I have a friend who can’t handle difficult feelings. He plans away the unknown. He can’t wait for things to come to him in the right timing. Though he may consider himself strategic or even a “go-getter”, underneath he’s impulsively pain-avoidant.
I’m learning more and more that my ability to stay in the tension in life is necessary for growth.
The painful and difficult places are where substantial change takes place.[tweet this]
When I feel most afraid — afraid of failing, afraid of missing out, afraid of deep desires going unmet — those are the times I have the opportunity to become more than I have been before.
Everyone has their own lists of what they do and do not allow themselves to feel. These lists create the comfort zone around us— keeping us safe from any surprising and difficult experiences that we cannot predict, control, or (seemingly) overcome.
The problem with your comfort zone is that it’s too small for you.[tweet this]It doesn’t allow you to discover more of who you are. It keeps you from stretching. It keeps you from risking. It keeps you from finding the deeper places of meaning and calling.
Because tension and risk are difficult and scary feelings. Because they will require you to be in ways that you’ve never experienced before. Because you’ve experienced something outside of that comfortable place and you don’t want to experience it again.
There are ways to change this.
1. Follow your fear.
Our fear shows us the borders of our comfort zone.[tweet this]
When we get close to the edge, fear tells us to go back. Our fear is trying to protect us. But fear can be used to our advantage.
When fear tells you to retreat, stay. When it tells you to go one way, try going the other. You will find that you can take it. You will find that you can handle more than you may have ever allowed yourself to feel.
2. Tell your stories.
At some point you discovered what is beyond what you can handle. When you have feelings that are uncomfortable, explore the stories where you’ve felt them before. Write them down. Tell them to a trusted friend. The more you understand the stories, the less power they’ll have over you.
3. Find a community of people who will challenge and support you.
You need people around you. Hopefully you already have some of these people in your life. Sometimes you just need to ask them to help and support you — even if they don’t understand what and why you’re doing what you’re doing. Or, sometimes you need to bring new people around you.
Remember my friend? The one who can’t stand the scary places of risk and the unknown?
You know this friend too. He’s in all of us. He’s certainly a part of me!
We have the opportunity to gently guide that friend—that part of ourselves—toward growth, strength, courage, and vulnerability.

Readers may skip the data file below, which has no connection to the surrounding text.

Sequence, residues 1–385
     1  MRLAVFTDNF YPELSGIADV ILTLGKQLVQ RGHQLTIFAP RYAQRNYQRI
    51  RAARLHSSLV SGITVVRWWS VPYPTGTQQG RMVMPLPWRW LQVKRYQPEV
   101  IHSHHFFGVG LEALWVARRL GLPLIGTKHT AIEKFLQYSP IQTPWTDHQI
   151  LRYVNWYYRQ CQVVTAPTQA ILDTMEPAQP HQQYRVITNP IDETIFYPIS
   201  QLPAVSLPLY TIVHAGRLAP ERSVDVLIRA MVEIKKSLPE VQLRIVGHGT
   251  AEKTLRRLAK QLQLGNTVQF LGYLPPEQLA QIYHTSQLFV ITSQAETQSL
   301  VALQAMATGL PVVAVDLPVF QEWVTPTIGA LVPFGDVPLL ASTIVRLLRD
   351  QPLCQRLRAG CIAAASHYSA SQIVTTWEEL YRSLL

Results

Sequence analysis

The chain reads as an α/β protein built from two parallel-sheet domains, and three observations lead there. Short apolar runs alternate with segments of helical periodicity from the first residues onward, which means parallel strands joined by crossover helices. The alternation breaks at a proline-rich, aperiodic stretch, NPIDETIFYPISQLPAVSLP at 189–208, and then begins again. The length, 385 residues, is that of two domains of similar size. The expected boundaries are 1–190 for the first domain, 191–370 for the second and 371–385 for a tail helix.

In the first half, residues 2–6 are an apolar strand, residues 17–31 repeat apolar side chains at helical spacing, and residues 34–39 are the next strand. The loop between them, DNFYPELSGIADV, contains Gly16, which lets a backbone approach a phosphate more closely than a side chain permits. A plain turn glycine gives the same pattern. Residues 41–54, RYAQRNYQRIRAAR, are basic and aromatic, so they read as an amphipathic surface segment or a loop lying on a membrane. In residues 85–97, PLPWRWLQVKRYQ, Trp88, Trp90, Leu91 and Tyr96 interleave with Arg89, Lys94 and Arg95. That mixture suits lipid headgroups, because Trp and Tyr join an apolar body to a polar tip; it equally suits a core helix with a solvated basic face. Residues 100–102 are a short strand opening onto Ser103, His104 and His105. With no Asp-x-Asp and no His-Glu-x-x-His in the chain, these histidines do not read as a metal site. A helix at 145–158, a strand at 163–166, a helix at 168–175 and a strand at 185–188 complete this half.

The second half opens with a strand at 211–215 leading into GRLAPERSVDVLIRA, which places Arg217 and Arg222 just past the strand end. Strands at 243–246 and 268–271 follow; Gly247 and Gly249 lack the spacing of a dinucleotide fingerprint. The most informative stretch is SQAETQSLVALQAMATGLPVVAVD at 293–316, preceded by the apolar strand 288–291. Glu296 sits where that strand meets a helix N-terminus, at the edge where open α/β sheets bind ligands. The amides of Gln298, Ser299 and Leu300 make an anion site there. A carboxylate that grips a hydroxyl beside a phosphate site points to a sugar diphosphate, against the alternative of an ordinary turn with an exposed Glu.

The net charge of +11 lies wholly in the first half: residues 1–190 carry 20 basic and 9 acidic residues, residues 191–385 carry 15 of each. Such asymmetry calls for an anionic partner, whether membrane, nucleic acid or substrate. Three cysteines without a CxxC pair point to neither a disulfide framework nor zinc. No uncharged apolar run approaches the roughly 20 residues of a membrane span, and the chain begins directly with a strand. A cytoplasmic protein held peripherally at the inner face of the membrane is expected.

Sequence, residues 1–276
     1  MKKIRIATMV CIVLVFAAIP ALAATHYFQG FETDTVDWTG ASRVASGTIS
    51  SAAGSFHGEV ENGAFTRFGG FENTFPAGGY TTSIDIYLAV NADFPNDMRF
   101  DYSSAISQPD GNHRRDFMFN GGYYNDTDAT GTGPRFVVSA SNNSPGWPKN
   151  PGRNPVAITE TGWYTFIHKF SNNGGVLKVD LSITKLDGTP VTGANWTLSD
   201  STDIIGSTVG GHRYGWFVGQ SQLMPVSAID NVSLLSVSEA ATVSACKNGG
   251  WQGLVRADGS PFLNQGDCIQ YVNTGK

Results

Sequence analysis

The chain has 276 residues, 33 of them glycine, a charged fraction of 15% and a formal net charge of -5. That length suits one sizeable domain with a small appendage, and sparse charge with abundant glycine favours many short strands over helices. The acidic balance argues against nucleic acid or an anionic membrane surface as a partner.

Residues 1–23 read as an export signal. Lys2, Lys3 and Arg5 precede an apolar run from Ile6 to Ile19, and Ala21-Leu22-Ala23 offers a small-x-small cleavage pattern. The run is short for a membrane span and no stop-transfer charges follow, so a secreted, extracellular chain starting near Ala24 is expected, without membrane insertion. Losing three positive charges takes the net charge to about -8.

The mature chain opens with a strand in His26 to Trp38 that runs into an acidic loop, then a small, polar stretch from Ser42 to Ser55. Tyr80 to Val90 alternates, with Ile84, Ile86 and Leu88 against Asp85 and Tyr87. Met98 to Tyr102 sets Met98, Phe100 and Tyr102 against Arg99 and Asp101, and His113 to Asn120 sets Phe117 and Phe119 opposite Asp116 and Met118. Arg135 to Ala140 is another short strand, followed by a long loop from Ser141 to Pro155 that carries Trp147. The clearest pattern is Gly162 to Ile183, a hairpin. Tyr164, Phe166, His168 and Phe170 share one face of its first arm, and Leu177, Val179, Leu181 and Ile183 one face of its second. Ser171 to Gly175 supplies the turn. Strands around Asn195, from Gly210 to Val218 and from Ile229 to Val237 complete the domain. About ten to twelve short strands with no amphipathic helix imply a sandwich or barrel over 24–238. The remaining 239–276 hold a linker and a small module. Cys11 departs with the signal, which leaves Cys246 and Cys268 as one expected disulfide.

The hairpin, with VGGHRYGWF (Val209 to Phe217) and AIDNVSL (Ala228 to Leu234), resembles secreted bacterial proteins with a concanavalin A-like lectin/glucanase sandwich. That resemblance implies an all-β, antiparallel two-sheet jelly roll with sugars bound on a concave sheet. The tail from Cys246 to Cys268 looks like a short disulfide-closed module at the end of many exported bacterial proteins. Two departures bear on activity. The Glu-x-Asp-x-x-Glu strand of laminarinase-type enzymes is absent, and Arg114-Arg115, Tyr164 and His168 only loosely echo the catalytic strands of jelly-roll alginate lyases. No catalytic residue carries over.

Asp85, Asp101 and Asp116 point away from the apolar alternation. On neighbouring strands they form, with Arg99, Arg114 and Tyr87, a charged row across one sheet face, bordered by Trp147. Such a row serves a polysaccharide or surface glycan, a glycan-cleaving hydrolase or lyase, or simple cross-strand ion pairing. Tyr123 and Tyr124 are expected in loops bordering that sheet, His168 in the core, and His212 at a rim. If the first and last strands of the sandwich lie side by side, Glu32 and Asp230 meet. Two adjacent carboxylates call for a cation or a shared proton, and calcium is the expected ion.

It’s in the difficult and scary places that we discover who we really are.
In the comments, what have you discovered when you’ve been able to step outside of your comfort zone? What are the feelings that you have a hard time allowing yourself to feel? Click here to comment.
(Photo by gato-gato-gato/CC)
I so love this article Dan, I think I have had an eternal relationship with my comfort zone for the longest time. I loved the follow your fear advise especially because I tend to always ran (very fast) away from the things that scare me. Its only last year that I gathered (some) courage and started baking a thing I was so afraid to do (I don’t know why) but ended up being good at. I am really praying and hoping to join a bakery class soon God willing and hopefully this will be a gateway for me to face all the things I’ve been too afraid to do.
Thank you, am truly blessed.
I love the way you’re risking and stretching, Carol! I hope you bake some beautiful and delicious things. Way to go!
“The more you understand the stories, the less power they’ll have over you.” I love that. It makes such sense. The pain from the conflict from six months ago somehow decreases over time, especially in light of gained perspectives of where I was coming from and where I’m going. I hope to revisit some of those stories before the Fall picks up to all the more pursue freedom from the grip of those stories.
I love it, Paul. Keep up the good work.
Your website is always so well written! I’m very surprised that there aren’t more comments! Onto me: I don’t have any courage. A possible theory is that my parents allow me little privacy (I’m 20), so I have to not only remain in my comfort zone, but also theirs. And they never asked me if I was uncomfortable with something and would like a slower approach. (Such as being forced to hug unknown adults) Being ripped away from a comfort zone and then belittled for feeling out of place makes it hard to escape willingly. It’s better at college, but I still can’t press it much. And there’s just so much that I haven’t experienced. My main response to the unknown is to freeze and tense up. I can’t think, speak or act. My muscles get close to cramping. I still freeze up all the time, but in the past year I’ve managed to do so many new things that I thought would make me faint. But reading this does make me feel better. I love to have conversations with my best friends where I state at the beginning, “All of this is pure honesty, I won’t filter my thoughts.” i just need to apply that to real life, now!
Whoops that was an essay. I never know when to stop talking, I’m sorry.
Thanks for your comment, Katie! And thanks for your kind words about the Meaning Movement!
It sounds like you’re taking some big risks! Way to go!
Great and very relateable article in my opinion, keep it up!
There’s a quotation: You can’t jump a chasm in two small steps’.. whenever I’ve persuaded myself to take that leap, it’s led to new places, people and fulfilled dreams.
Right now, I’m facing another opportunity to take another leap. And your article reminded me to be brave! Thank you:)